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3 Reasons Why Ternate Should be on Every Indonesia Travel Itinerary

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1 month ago

If you mention to any traveller in Bali that you are thinking of visiting Ternate, you are guaranteed to receive a very confused response – where?

When traveling in Indonesia, it’s very common to go weeks and weeks without meeting another foreigner. In my opinion, Indonesia offers some of the travel world’s last great frontiers, unparalleled experiences deeply immersed in both nature and local cultures – yet often with very little tourism infrastructure to support your visit.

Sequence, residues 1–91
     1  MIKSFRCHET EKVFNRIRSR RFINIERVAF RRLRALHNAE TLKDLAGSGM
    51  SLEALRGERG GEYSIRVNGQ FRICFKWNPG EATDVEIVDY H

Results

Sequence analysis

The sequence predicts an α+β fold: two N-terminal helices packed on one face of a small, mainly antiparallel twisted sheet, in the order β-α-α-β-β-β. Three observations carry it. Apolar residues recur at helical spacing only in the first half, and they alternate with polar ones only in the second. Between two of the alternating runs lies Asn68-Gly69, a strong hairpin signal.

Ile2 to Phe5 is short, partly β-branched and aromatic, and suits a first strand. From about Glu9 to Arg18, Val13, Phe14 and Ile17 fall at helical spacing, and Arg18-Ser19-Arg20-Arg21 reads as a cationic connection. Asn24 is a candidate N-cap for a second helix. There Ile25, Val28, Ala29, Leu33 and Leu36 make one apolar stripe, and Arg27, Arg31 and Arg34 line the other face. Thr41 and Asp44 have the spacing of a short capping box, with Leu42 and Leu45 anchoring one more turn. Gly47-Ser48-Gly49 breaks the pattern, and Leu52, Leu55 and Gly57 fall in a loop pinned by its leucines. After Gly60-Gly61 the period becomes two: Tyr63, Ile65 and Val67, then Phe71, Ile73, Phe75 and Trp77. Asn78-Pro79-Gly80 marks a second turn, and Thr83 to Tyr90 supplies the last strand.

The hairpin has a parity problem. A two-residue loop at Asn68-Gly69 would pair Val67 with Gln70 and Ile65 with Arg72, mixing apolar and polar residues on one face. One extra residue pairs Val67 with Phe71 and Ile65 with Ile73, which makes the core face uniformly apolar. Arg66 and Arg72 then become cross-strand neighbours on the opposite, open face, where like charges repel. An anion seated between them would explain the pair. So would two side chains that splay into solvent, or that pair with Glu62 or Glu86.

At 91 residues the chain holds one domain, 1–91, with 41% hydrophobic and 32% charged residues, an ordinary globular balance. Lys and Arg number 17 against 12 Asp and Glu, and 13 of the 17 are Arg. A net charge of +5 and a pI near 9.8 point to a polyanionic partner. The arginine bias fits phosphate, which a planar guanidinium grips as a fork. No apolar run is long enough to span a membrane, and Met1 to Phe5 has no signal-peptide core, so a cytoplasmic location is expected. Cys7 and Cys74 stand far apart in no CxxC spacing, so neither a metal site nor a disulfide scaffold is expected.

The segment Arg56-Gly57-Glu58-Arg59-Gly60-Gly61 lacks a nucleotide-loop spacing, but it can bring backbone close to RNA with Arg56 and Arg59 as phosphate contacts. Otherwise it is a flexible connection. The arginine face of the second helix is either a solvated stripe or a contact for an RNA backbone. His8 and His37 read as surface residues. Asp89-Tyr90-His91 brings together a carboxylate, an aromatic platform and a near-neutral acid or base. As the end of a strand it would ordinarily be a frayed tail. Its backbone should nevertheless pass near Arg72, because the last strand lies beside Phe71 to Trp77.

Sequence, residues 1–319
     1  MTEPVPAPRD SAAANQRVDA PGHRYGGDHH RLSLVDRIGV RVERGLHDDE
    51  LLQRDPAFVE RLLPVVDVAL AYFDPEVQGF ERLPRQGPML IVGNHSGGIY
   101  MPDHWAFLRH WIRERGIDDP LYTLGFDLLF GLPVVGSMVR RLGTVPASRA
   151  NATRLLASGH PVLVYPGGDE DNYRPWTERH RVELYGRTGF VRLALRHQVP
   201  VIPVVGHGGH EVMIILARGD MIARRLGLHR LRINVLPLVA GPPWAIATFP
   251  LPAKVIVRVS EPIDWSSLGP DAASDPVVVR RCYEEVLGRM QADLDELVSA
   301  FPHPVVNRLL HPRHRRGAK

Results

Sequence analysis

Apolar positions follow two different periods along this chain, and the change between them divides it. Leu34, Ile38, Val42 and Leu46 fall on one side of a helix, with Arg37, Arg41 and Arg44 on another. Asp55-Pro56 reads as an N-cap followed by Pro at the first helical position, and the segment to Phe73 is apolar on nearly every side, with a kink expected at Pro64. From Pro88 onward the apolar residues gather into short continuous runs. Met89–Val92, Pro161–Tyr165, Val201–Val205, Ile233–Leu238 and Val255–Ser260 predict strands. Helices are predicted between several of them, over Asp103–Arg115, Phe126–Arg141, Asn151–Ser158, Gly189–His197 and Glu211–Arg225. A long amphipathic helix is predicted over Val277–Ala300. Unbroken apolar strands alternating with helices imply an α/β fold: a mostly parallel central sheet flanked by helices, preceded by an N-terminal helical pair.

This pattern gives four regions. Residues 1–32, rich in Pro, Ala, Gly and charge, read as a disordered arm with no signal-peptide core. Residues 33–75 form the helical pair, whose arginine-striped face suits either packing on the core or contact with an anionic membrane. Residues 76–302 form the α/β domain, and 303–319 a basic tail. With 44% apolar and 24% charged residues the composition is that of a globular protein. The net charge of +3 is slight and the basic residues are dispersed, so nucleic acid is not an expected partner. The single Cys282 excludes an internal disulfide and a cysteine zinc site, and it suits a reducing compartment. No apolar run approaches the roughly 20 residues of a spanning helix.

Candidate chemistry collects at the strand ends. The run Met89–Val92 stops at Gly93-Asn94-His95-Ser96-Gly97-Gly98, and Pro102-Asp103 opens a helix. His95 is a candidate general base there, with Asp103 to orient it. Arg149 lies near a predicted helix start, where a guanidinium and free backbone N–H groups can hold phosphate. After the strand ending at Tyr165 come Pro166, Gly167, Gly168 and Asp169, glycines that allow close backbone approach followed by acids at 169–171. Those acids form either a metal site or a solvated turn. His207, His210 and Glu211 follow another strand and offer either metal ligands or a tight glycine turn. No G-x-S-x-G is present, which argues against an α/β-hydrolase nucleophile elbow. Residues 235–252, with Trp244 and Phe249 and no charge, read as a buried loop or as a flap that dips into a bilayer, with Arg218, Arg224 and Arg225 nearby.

Unlike some of Indonesia’s other off-the-beaten-path treasures like the Banda Islands or the Baliem Valley, Ternate is relatively accessible and ‘traveler-friendly’ (small, good tourism infrastructure) making it one of the best places to visit in Indonesia.

If you are planning your Indonesia travel itinerary, here are three reasons why I recommend including Ternate (and the Maluku islands more generally).

How to get to Ternate, Indonesia

Ternate is an island in Indonesia’s North Maluku Islands.

By plane

Ternate Babullah Airport (Airport code: TTE) is served by regular flights from Makassar, Manado, Jakarta, Surabaya and Ambon. If you are coming from Makassar, don’t miss our guide to One Day in Makassar.

If you are traveling during peak Indonesian holidays (Ramadan, Eid or public holidays), flights to Ternate can often sell out far in advance.